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Answering the career criminal debate: Comparing finite mixture modeling with growth mixture modeling

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Abstract:

I compare finite mixture modeling (FMM) with growth mixture modeling (GMM) and then apply both procedures to data from the Oregon Youth Study (OYS) to empirically test the Criminal Career Paradigm (CCP). Criminality was measured by the OYS boy’s annual self-report of serious crimes committed from age 12 to 20. FMM has been used to test the CCP because of its ability to account for unobserved heterogeneity within a population and its ability to handle non-normally distributed data. Nagin and colleagues have made substantial contributions to the CCP by providing a statistical modeling procedure that can handle non-normal distributions and heterogeneity within a population. Their FMM does not allow for within-class variation and therefore cannot test for heterogeneity. Muthén (2001) has combined structural equation modeling with mixture modeling creating GMM which can account for unobserved heterogeneity.
Both methods support CCP. GMM procedure resulted in fewer classes. The FMM procedure resulted in a five class solution: (1) zero intercept non-significant slope, (2) near zero intercept non-significant slope, (3) near zero intercept with significant linier growth, (4) high intercept with a positive slope and negative quadratic slope, and (5) high intercept with a steep slope and a negative quadratic slope. The GMM procedure resulted in a three class solution: (1) zero intercept with zero slope, (2) low intercept with non-significant slope, and (3) high intercept with a steep positive slope and negative quadratic slope.

Most Common Document Word Stems:

class (186), model (119), n (98), offend (82), fmm (52), slope (47), age (45), d (43), ggmm (42), crimin (40), offens (40), 3 (39), latent (38), use (37), serious (36), intercept (36), j (34), 1 (34), differ (34), trajectori (34), nagin (33),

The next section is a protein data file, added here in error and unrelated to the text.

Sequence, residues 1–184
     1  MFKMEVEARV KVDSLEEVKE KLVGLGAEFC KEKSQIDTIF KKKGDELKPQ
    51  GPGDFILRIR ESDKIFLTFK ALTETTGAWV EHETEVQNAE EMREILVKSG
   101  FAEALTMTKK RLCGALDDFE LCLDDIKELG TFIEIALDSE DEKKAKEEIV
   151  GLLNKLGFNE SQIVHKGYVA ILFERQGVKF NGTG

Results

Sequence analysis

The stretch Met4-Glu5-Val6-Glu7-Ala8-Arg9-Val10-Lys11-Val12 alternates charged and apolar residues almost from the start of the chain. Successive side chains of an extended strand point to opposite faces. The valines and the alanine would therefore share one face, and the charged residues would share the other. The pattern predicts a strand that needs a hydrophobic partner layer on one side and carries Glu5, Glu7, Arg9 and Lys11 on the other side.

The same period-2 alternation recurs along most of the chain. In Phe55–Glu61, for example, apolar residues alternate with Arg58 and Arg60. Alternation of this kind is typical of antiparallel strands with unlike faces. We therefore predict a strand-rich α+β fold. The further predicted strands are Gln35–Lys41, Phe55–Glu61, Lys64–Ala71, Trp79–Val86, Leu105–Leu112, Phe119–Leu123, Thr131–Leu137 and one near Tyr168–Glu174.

Author's Keywords:

Criminal Careers, Growth modeling, unobserved heterogeneity, juvenile delinquency
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Name: American Sociological Association
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MLA Citation:

Burraston, Bert. "Answering the career criminal debate: Comparing finite mixture modeling with growth mixture modeling" Paper presented at the annual meeting of the American Sociological Association, Marriott Hotel, Loews Philadelphia Hotel, Philadelphia, PA, Aug 12, 2005 <Not Available>. 2017-10-10 <http://citation.allacademic.com/meta/p23019_index.html>

APA Citation:

Burraston, B. O. , 2005-08-12 "Answering the career criminal debate: Comparing finite mixture modeling with growth mixture modeling" Paper presented at the annual meeting of the American Sociological Association, Marriott Hotel, Loews Philadelphia Hotel, Philadelphia, PA Online <PDF>. 2017-10-10 from http://citation.allacademic.com/meta/p23019_index.html

Publication Type: Conference Paper/Unpublished Manuscript
Abstract: I compare finite mixture modeling (FMM) with growth mixture modeling (GMM) and then apply both procedures to data from the Oregon Youth Study (OYS) to empirically test the Criminal Career Paradigm (CCP). Criminality was measured by the OYS boy’s annual self-report of serious crimes committed from age 12 to 20. FMM has been used to test the CCP because of its ability to account for unobserved heterogeneity within a population and its ability to handle non-normally distributed data. Nagin and colleagues have made substantial contributions to the CCP by providing a statistical modeling procedure that can handle non-normal distributions and heterogeneity within a population. Their FMM does not allow for within-class variation and therefore cannot test for heterogeneity. Muthén (2001) has combined structural equation modeling with mixture modeling creating GMM which can account for unobserved heterogeneity.
Both methods support CCP. GMM procedure resulted in fewer classes. The FMM procedure resulted in a five class solution: (1) zero intercept non-significant slope, (2) near zero intercept non-significant slope, (3) near zero intercept with significant linier growth, (4) high intercept with a positive slope and negative quadratic slope, and (5) high intercept with a steep slope and a negative quadratic slope. The GMM procedure resulted in a three class solution: (1) zero intercept with zero slope, (2) low intercept with non-significant slope, and (3) high intercept with a steep positive slope and negative quadratic slope.


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Criminal careers of homicide offenders: do offenders of different types of homicides show different trajectories?

Latent Dynamic Trajectory Modeling of Criminal Careers: An Econometric Approach

Differences Within Juvenile Offenders: Using Latent Class Analysis to Predict Degree of Offending.


 
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